The picture you’ll never see
(and photography as iconography).
Picture a young mother, sitting on a park bench on a beautiful and sunny early Autumn morning, with her two year old daughter by her side. The little girl is presenting a bouquet of dandelions to her mommy, who is intently watching her with an adoring smile.
Less than a month later, that young mom passes away.
She was my wife.
You’ll never see the photograph I took of her and my daughter that day… I’ll never show it.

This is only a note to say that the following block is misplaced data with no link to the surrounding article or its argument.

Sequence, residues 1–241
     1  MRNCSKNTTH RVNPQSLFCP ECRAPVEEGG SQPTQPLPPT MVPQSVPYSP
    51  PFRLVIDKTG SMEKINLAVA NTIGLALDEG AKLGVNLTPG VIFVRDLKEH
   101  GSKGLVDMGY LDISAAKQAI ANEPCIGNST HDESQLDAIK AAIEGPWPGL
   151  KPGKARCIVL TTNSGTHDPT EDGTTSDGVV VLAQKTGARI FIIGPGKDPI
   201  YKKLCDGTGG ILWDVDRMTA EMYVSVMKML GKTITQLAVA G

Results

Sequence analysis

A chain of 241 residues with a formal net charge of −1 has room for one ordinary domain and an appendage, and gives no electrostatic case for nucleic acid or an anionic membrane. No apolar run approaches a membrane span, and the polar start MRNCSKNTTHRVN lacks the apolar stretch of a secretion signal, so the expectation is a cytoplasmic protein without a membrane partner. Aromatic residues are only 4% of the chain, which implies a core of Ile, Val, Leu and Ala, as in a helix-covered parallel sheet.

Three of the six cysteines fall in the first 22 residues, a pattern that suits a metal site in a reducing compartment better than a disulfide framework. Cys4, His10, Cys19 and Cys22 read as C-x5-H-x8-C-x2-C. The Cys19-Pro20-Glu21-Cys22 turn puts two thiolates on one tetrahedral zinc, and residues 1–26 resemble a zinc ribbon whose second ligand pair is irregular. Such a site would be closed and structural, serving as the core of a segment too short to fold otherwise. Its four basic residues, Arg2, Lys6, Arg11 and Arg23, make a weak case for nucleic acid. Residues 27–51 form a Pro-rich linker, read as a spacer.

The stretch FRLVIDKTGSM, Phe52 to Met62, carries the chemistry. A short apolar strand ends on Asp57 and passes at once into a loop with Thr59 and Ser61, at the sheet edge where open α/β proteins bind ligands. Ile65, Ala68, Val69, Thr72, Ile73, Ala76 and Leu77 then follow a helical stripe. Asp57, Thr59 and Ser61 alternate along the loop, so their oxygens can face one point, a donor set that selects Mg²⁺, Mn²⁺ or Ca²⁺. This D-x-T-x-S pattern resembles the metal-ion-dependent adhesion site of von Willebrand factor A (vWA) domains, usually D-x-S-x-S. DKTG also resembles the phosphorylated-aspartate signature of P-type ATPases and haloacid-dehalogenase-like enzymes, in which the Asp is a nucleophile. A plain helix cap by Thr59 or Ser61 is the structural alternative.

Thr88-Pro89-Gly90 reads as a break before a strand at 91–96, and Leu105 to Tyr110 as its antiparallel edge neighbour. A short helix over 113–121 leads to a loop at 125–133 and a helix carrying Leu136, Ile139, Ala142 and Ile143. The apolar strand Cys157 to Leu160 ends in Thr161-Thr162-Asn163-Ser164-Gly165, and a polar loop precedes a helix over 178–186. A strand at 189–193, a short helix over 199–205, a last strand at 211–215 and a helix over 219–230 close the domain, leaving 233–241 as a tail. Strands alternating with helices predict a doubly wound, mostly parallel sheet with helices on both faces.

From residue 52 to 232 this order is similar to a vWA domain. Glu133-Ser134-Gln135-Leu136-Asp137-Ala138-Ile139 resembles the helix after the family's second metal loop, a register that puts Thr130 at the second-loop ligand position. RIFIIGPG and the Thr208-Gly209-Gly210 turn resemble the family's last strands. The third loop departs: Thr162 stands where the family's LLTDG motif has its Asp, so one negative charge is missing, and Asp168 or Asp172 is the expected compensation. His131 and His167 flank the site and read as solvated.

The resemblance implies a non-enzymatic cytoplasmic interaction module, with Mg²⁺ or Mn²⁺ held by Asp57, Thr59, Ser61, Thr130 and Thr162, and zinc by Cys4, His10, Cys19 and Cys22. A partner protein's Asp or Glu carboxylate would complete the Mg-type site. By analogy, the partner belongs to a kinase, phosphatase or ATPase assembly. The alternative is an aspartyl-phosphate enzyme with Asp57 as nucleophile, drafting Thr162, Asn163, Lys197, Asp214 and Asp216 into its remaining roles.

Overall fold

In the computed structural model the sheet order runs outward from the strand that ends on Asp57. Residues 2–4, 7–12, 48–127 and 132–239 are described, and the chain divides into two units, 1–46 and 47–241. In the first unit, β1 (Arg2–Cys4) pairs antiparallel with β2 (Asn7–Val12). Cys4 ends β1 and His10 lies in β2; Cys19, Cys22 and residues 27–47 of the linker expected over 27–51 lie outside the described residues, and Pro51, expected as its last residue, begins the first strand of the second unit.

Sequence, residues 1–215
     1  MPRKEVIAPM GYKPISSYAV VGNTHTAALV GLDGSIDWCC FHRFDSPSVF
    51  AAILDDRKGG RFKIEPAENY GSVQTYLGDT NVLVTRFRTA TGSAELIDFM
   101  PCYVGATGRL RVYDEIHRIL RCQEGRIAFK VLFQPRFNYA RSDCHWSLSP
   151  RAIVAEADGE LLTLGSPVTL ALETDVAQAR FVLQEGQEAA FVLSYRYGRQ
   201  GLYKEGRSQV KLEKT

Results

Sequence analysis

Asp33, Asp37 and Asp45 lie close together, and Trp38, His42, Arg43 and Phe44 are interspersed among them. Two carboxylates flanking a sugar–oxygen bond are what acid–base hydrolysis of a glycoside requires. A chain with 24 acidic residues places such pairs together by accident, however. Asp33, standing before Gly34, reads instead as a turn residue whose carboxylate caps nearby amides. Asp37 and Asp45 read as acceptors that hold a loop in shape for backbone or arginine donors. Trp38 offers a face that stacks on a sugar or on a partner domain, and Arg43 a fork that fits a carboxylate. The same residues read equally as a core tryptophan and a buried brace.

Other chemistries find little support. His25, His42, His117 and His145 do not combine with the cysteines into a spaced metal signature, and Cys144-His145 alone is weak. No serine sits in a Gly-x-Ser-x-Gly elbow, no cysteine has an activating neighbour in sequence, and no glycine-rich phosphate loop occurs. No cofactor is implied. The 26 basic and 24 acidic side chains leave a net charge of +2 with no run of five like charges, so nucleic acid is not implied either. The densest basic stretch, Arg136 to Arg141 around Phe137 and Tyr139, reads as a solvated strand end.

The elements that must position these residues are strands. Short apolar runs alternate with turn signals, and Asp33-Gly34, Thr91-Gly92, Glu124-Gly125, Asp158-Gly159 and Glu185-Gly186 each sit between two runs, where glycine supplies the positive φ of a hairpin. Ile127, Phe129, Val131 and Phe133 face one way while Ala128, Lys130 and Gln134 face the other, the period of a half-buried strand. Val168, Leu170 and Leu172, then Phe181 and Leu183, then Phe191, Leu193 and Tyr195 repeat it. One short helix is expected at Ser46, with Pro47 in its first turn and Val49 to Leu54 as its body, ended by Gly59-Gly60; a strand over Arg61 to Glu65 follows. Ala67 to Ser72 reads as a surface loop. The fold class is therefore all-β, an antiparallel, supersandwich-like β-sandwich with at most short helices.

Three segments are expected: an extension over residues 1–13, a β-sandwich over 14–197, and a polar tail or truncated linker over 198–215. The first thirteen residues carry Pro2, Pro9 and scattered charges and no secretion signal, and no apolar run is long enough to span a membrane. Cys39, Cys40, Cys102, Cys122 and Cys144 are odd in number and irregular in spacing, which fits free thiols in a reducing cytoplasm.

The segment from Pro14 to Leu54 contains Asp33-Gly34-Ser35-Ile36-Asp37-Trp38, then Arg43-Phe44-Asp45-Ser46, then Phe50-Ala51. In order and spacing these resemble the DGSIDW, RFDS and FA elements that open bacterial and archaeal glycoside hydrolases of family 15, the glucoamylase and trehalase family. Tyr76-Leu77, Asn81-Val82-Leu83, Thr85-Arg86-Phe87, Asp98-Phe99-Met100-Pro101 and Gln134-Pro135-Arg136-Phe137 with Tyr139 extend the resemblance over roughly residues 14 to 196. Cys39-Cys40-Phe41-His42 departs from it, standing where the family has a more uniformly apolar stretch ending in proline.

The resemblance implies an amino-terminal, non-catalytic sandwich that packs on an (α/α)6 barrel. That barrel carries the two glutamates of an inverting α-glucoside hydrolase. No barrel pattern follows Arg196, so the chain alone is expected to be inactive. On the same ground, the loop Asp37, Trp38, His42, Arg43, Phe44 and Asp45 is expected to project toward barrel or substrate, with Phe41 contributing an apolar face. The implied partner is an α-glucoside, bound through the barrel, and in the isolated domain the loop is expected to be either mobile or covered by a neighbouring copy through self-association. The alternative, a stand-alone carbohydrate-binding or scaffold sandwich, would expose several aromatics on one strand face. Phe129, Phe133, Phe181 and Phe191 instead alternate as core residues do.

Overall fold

It was taken on a cheap cell-phone camera, and it’s blotchy and blurry and the faces are barely recognizable. But it’s one of the most important photos I have.
You see, photographs for most of us are iconographs. In other words, they are only symbols that collectively represent and remind us of our loved ones and our experiences. They don’t need to be sharp on a screen or technically perfect, they only need to be clear in our minds and emotionally meaningful.
Let it Be and
Norway, 1965 and